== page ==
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I work in a PHP based company. There is a project where we want to create a backend service. Senior members here are going for PHP, even though it is slower than Java. Their only point of contention, that Java is heavier than PHP in both memory and cpu load standpoint.

Jvm is more like a container environment, if u bring in more baggage it will consume that much, but service we are talking here will be of medium complexity. So chances are that it won't be much demanding (or will it?)

I understand this question leans heavily towards vagueness, however my point of ponder is, that is it always the same case? That java is more hardware demanding? I would just like to know opinions of all you experienced folks about how the actual scenario looks like.

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Another good question:… – dan1111 Mar 6 '13 at 13:06
In most cases, the language/platform is not the deciding factor when it comes to speed. If you fail to properly tune a database, for example, it'll be slow regardless of the language being used. – GrandmasterB Mar 6 '13 at 18:26
I don't see why Java would take up more CPU than PHP. In most cases, I'd expect the opposite, since there will typically be less start up costs on each request. – Darius X. Mar 8 '13 at 11:24
@Shades88 Well, then, maybe you or they should try a small proof of concept: some module/part of code which they think will be very memory hungry and/or slow in Java should actually be implemented in both languages and see how it behaves. You (they) might be surprised by things such: Java's extra memory needs are actually not all that much over what the PHP version needs, Java's version might be substantially faster. – Shivan Dragon Mar 10 '13 at 15:30

If you're worried about speed, write the back-end in a compiled, fast-as-you-like language such a C or C++. There are plenty of webservice tooling to create simple C/C++ web services that you can consume from your PHP clients.

However, if you want to code it quickly and performance isn't so bad, then write it in PHP. You also have the benefit of already having the skills necessary to do this, so that's a double bonus.

Java isn't massively bloated compared to PHP, it might be a 'step up', but you'll have to learn all the niggles and tricks that you need with any new system, and I doubt the benefit will be worth it compared to just writing it in PHP straight away. In most cases, if you have the skills to do it in PHP already, that should be the first choice, choosing to do it in a different language away from your main area of expertise should be very carefully considered and only chosen if there is definite benefits over your primary system (which I don't think there will be in this case)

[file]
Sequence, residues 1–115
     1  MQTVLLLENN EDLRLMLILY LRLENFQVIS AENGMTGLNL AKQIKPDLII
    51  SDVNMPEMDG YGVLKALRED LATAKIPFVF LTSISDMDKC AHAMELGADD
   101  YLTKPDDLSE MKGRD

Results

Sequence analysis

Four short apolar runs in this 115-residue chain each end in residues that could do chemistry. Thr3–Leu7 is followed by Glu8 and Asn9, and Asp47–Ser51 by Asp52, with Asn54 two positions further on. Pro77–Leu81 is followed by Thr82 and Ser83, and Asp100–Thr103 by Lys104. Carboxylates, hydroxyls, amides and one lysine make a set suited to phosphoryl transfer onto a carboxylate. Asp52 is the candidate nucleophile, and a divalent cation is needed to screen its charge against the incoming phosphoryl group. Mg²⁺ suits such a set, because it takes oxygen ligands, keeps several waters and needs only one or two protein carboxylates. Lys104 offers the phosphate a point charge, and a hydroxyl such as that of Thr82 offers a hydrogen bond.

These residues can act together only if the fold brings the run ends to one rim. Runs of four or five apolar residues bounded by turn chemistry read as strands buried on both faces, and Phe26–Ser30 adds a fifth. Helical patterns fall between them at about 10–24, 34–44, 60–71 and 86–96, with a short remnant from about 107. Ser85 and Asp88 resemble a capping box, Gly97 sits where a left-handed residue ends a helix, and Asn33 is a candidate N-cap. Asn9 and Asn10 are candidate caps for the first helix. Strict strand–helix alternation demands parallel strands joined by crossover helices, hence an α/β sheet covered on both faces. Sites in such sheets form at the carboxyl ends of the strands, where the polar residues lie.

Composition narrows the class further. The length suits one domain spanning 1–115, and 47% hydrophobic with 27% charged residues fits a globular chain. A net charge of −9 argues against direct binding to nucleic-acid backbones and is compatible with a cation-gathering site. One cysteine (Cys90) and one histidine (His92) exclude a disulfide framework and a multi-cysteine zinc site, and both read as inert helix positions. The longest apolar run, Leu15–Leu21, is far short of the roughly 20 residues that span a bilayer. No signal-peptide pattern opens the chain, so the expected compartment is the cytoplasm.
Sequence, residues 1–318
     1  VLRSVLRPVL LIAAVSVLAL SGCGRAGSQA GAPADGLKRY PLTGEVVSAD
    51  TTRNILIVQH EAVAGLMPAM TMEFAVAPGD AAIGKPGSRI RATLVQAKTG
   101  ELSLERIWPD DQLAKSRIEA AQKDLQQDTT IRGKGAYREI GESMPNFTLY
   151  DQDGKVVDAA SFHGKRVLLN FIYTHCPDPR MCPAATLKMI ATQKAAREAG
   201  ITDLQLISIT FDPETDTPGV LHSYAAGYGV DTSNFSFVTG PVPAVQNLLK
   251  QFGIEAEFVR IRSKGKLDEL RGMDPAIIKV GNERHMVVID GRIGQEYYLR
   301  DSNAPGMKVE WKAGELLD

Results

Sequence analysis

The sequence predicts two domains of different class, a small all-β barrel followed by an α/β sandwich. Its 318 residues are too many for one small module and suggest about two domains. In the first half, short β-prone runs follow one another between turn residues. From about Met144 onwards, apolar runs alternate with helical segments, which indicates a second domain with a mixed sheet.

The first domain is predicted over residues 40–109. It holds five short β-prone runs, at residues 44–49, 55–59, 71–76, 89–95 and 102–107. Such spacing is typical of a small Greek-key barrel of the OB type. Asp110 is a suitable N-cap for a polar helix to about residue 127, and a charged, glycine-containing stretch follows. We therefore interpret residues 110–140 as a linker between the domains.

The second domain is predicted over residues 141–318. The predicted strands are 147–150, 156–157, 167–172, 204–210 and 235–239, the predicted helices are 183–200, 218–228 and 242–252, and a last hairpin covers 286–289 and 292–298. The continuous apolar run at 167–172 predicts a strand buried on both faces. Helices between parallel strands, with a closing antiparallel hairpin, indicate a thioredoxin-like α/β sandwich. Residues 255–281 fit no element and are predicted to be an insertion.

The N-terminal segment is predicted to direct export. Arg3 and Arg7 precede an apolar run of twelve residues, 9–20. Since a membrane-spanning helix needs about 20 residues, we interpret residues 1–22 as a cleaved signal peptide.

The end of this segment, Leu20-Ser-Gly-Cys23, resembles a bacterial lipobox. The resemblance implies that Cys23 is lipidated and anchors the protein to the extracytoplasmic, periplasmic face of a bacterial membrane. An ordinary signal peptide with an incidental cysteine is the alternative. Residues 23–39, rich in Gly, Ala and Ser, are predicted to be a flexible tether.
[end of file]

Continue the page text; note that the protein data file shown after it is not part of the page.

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How about compiling PHP? – Vitalij Zadneprovskij Mar 6 '13 at 13:29
using Hiphop or Phalanger? Could work, but the CPU instruction speed is usually not as big a performance issue compared to how the language works - cache hits, memory usage and IO is more important nowadays. Either way, you do highlight that PHP is a better choice than Java for them. – gbjbaanb Mar 6 '13 at 13:33
I think that if most of them know well PHP and they don't need very high performance, then PHP is the best language for them. – Vitalij Zadneprovskij Mar 6 '13 at 14:08
I wish people would stop suggesting "compiling PHP". HipHop does not compile PHP. HipHop is a source code transformer from PHP to C++ (Which is then compiled using a C++ compiler). HipHop is a solution to choosing the wrong language for the task. – Craige Mar 6 '13 at 15:29
@Craige: actually, HipHop no longer compiles to C++, it's now a run-time JIT engine: – Joeri Sebrechts Mar 8 '13 at 10:30

Many enterprise Java shops tend to add a lot of abstractions and frameworks (such as ORMs, EJBs, spring, third-part libs, containers etc) to their systems. Sometimes these abstractions are meaningful, but often they end up adding bloat (memory, cpu) and complexity.

PHP, otoh, can be used pretty much "as-is", warts and all. But with Java you certainly need to juggle a lot more parts.

So you need to factor in those other things as well before making a decision.

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